Becoming a “digital nomad”: the next step for teleworking?


A view from a beach hammock, poolside chair or coffee table, along with a laptop. It’s the popular image of what it’s like to be a “digital nomad” – the millennial tech-savvy freelancer and globetrotter. For many ordinary office workers in 2021, working remotely in scenic locations is no longer a distant dream.

“I would rent a villa in Chiang Mai, Thailand, and live there for a month,” said Gui Chuanjun, who discovered the digital nomad lifestyle through foreign bloggers a few years ago. Now working from home about half the time, the 32-year-old tech from Suzhou, eastern China, talks about working remotely in Thailand’s hotspot town, where his white-collar income would go a long way. , like a real plan.

In April, Gui created the first online community for digital nomads in China. As the number of website users grew by the hundreds over the past two months, Gui met many like-minded young people – tech industry workers working from home, but eager to venture out. far.

Interest in joining the tribe of free roaming professionals is increasing. Aside from a welcome change of scenery, a flexible schedule appeals to many netizens who clock in long hours in the office, Gui told CGTN.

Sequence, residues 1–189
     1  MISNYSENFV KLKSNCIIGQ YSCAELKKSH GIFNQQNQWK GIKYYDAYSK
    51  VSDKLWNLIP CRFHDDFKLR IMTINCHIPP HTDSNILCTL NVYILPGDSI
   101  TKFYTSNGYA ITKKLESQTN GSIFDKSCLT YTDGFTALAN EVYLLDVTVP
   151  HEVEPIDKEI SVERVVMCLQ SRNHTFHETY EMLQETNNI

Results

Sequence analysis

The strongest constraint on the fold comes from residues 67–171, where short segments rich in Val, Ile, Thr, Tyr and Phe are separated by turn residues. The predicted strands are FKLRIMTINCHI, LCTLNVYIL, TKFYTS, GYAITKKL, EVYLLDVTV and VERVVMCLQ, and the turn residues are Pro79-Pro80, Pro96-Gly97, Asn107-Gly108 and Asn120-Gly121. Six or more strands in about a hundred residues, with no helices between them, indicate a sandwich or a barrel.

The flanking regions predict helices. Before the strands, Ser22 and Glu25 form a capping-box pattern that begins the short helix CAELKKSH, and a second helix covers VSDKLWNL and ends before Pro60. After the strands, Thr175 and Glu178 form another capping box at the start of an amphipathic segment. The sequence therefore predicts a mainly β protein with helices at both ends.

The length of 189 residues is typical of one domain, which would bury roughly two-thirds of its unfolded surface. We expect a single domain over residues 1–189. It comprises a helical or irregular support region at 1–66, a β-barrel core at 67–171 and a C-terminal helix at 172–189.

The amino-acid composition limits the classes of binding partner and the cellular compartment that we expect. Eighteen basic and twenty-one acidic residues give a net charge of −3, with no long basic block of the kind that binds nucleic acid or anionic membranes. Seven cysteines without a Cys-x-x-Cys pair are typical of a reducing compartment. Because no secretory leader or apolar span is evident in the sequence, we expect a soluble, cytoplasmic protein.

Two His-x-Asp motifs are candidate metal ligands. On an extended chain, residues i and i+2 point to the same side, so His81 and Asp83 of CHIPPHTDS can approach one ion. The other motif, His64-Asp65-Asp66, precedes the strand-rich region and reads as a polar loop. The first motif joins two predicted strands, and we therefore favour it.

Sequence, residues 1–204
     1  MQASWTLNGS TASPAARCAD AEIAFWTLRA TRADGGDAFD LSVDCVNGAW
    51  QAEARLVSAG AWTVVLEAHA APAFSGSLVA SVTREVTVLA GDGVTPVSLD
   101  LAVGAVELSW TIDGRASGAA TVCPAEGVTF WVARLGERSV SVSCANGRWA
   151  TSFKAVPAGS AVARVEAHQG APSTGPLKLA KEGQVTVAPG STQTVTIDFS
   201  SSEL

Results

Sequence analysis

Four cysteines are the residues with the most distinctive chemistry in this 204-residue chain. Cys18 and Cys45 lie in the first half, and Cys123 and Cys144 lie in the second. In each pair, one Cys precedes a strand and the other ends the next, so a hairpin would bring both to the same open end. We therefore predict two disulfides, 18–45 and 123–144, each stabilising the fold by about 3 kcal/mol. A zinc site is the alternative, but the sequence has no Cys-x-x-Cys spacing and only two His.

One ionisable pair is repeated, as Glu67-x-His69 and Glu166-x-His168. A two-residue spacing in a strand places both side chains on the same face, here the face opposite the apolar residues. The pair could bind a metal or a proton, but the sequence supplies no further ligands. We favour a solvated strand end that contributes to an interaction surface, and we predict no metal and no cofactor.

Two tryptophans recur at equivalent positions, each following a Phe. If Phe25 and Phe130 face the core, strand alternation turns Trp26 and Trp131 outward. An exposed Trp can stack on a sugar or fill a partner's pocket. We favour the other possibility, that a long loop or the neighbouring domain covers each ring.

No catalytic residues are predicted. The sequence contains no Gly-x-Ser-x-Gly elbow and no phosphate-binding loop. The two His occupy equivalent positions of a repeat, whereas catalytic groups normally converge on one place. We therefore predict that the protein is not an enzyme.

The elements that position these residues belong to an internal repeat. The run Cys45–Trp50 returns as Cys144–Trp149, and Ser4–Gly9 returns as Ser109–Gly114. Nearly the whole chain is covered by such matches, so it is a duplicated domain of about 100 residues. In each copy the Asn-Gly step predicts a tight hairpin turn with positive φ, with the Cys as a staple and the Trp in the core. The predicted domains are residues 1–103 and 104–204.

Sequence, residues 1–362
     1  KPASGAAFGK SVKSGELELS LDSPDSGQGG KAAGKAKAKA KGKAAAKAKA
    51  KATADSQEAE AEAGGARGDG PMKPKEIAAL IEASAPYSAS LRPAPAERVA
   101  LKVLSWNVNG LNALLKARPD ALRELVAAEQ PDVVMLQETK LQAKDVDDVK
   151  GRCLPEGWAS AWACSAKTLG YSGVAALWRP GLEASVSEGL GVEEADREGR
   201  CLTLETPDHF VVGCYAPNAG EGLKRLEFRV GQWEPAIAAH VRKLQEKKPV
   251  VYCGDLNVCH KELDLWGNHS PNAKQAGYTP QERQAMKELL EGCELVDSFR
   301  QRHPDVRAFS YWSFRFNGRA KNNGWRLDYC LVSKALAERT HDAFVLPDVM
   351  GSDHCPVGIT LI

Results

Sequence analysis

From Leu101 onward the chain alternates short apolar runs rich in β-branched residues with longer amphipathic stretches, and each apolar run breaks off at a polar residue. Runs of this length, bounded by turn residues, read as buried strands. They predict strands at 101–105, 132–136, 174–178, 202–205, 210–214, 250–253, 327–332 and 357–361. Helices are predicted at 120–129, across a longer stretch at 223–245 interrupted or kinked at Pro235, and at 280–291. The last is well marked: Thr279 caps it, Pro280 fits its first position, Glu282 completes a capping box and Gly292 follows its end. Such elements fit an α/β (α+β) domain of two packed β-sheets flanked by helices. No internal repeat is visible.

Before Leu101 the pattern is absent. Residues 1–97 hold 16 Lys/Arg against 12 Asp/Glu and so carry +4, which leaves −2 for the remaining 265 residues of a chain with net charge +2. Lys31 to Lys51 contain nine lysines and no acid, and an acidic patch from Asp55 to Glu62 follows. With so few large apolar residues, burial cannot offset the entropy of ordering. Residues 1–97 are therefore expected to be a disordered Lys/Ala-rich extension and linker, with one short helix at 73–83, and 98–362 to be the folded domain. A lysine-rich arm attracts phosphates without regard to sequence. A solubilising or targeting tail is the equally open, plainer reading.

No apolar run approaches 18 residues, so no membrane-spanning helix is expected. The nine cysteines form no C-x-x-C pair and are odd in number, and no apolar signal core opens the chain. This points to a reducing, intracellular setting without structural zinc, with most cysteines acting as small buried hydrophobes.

His vision for this lifestyle change is clearly stated in the website’s slogan: “Work remotely, travel the world”.

Chiang Mai, Thailand is a popular destination for digital nomads. / VCG

Chiang Mai, Thailand is a popular destination for digital nomads. / VCG

The independent way of life of the place is having a great moment. As offices around the world go online during COVID-19, working from home – an otherwise radical idea for many in a pre-pandemic time – has become the new normal.

With Big Tech in the lead, a growing list of large companies are doing long-term remote work. A recent survey by US technology company Simform found that a majority of companies are considering allowing employees to work from home indefinitely (82%) or permanently (77%).

At the same time, the number of people identifying themselves as ‘digital nomads’ in the United States rose to 10.9 million in 2020, a 50% jump from 7.6 million in 2019, according to a new report from the American consulting firm MBO Partners.

Wider support for remote working inspires new ways of working, traveling and living. Workation, which combines remote work with longer vacation rentals, is one of the fastest growing travel trends aimed at attracting remote workers to help boost the local economy. .

After a bleak year, the travel industry and tourism dependent countries are keen to embrace digital nomads, which have long been a fiscal headache for governments. From Europe to the Caribbean, at least a dozen countries have launched remote work visas during the pandemic, in anticipation of globetrotting teleworker arrivals once international travel resumes.

The island country of Barbados welcomes digital nomads with a new remote work visa. / CFP

The island country of Barbados welcomes digital nomads with a new remote work visa. / CFP